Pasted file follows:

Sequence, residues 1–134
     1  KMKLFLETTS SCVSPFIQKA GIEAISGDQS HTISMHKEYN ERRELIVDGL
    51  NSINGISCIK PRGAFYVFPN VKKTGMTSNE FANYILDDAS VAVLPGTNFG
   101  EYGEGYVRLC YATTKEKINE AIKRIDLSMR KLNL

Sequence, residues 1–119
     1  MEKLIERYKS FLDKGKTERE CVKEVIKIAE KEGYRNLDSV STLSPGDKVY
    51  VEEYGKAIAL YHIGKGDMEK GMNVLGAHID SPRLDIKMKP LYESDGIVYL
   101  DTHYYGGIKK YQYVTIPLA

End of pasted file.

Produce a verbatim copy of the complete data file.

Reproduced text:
Sequence, residues 1–134
     1  KMKLFLETTS SCVSPFIQKA GIEAISGDQS HTISMHKEYN ERRELIVDGL
    51  NSINGISCIK PRGAFYVFPN VKKTGMTSNE FANYILDDAS VAVLPGTNFG
   101  EYGEGYVRLC YATTKEKINE AIKRIDLSMR KLNL

Sequence, residues 1–119
     1  MEKLIERYKS FLDKGKTERE CVKEVIKIAE KEGYRNLDSV STLSPGDKVY
    51  VEEYGKAIAL YHIGKGDMEK GMNVLGAHID SPRLDIKMKP LYESDGIVYL
   101  DTHYYGGIKK YQYVTIPLA